Over at The Chalkboard, Joe Williams notes a burgeoning idea at Columbia’s Teachers College to develop more comprehensive measures of school accountability. Whoa…as they say up on Blogback Mountain: That one’s got no reins. That’s because the more aspects of schooling that policymakers seek to measure the more things become standardized and geared toward a lowest-common denominator. That in education we’re pretty bad at distilling things and instead tend toward an expansionist approach to decision-making only exacerbates this problem. And, many of the things most people want schools to do like teaching civic-mindedness, tolerance of others, etc…are pretty hard to measure. Isn’t the more productive marriage there to…drum roll please…marry essential things like math and reading with a high degree of parental preference among various public educational options?
Nonetheless, with or without a more public market for schools, more reporting on indicators of school quality would be great. NCLB flirts in this direction but doesn’t do enough even if it were being vigorously enforced. Accurate measures of intra-school district finance, teacher quality (not BS indicators like certification but measures/characteristics actually linked to student learning) (pdf), and student course taking and curricular patterns would be wonderfully useful to parents, policymakers, and the media. More real time performance information would be great, too, and can be had with technologies that exist today. But hard to see those sorts of things catching on anytime soon among a lot of the usual suspects.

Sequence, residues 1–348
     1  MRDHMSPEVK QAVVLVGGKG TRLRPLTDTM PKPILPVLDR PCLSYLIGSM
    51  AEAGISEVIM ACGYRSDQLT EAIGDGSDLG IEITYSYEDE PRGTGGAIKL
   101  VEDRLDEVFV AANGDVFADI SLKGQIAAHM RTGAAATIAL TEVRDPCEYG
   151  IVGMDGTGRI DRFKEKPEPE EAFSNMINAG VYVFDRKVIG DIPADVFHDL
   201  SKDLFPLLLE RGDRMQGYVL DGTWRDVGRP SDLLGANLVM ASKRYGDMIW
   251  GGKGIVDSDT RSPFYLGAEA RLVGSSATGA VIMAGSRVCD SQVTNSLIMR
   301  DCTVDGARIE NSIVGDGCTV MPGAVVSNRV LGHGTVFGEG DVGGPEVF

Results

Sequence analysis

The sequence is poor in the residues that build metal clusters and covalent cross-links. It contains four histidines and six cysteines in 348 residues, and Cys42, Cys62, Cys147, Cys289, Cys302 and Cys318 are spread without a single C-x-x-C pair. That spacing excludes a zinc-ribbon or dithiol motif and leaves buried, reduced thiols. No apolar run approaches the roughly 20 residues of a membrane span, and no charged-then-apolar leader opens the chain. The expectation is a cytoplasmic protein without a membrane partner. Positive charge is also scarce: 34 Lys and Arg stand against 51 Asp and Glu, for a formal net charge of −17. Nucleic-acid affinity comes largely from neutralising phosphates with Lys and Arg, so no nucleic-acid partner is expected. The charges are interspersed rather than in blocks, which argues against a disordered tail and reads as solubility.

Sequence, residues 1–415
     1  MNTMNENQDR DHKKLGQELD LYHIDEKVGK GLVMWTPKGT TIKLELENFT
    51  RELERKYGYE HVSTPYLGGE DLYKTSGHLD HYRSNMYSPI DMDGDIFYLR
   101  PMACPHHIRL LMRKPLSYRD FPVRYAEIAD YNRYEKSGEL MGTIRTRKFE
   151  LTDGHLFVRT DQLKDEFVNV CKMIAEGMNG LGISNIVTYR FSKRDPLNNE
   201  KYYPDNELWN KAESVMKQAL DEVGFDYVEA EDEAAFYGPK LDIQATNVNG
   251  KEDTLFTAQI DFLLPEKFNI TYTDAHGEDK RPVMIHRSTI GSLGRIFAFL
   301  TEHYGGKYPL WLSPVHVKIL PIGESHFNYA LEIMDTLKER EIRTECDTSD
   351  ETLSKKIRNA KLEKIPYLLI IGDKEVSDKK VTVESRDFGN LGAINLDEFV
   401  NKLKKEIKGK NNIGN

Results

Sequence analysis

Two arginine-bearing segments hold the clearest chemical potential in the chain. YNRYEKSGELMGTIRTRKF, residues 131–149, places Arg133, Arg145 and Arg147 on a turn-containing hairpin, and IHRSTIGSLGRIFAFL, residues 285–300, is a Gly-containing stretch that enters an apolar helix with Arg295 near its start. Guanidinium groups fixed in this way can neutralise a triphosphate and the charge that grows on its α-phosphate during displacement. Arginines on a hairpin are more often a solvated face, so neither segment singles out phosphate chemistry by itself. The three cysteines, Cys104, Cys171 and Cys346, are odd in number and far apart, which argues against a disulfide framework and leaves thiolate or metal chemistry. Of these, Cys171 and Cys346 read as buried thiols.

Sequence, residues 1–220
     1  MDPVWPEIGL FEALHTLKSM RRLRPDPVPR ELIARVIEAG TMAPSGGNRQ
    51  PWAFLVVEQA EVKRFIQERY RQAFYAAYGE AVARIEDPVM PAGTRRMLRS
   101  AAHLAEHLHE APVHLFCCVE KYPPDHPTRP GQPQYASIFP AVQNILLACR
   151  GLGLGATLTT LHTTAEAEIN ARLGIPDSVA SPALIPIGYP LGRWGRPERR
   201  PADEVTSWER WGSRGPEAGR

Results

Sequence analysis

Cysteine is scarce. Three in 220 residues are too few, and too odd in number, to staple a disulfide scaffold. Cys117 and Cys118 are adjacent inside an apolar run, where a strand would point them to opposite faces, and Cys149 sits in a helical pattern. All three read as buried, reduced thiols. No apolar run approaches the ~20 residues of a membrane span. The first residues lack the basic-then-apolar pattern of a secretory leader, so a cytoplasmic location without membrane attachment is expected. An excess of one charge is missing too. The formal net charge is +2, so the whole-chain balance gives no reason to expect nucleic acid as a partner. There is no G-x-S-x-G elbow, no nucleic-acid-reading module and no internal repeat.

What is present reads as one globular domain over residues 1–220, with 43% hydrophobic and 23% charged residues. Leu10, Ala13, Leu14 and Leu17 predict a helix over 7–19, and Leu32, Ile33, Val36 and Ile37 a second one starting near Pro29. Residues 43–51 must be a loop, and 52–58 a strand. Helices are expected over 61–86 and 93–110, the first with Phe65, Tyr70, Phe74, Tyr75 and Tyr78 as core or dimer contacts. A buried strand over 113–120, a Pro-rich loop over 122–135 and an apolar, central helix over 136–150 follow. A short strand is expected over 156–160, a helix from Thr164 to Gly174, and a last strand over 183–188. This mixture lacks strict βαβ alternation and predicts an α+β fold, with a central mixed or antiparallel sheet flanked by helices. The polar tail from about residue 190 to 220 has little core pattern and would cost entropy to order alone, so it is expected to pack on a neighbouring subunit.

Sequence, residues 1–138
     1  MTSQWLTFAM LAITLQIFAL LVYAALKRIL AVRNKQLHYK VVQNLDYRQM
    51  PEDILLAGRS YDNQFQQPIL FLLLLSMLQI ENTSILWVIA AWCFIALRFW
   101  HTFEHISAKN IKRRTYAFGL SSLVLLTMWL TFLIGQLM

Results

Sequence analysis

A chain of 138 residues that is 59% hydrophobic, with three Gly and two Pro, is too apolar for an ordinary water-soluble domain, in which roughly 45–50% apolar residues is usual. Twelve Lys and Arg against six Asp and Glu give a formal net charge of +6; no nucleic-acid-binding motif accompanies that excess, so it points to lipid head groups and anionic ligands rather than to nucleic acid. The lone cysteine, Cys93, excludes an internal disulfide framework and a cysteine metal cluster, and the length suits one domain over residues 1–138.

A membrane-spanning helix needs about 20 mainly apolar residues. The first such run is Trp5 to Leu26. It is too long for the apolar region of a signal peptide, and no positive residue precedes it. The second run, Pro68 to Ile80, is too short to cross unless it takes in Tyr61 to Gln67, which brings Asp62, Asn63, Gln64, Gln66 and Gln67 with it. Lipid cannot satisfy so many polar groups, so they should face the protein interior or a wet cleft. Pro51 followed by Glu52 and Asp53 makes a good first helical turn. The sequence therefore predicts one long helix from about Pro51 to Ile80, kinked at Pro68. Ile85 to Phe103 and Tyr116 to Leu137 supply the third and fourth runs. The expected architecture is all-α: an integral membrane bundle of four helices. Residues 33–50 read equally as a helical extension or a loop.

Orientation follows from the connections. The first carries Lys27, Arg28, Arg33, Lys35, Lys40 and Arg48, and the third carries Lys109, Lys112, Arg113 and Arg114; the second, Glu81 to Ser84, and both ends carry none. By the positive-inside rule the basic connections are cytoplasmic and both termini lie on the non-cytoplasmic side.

Meet The New Boss: Also, speaking of Teachers College, they’re in the market for a new president. Doesn’t this seem like a great opportunity to really bring in someone dynamic who can work to put an academic institution like TC on the front burner of educational debates as well as tend to the traditional academic responsibilities? There are some really great people there now and some exciting projects (Hechinger Institute, current TC President Levine’s ideas on reform, etc…) but Eduwonk’s not giving away any trade secrets when he points out that TC (and other big name ed schools) aren’t exactly in the mix on a lot of stuff that’s happening in education today. TC’s not even engaged on some of the most exciting stuff even in New York City. Let’s hope they cast a wide net beyond folks in traditional academic jobs today. Here are three names that Eduwonk thinks should be in the mix because they could take things to the next level: Jane Hannaway, Kim Smith, Eva Moskowitz.
Afterthought: Schools of Ed are teetering on the edge of becoming completely irrelevant except to the extent they survive by regulatory capture at the state level. Regardless of what one thinks of Ed Schools today, this isn’t good for the profession. Doesn’t TC have a chance to help change that by breaking the mold with a bold pick for their next president? The signaling effect would be important and it would be good for the institution. Conversely, going with one of the usual suspects and turning the place into a bunker for the dead-enders seems guaranteed not only to be bad for TC but bad for Ed Schools overall.
Update: Jenny D. weighs-in.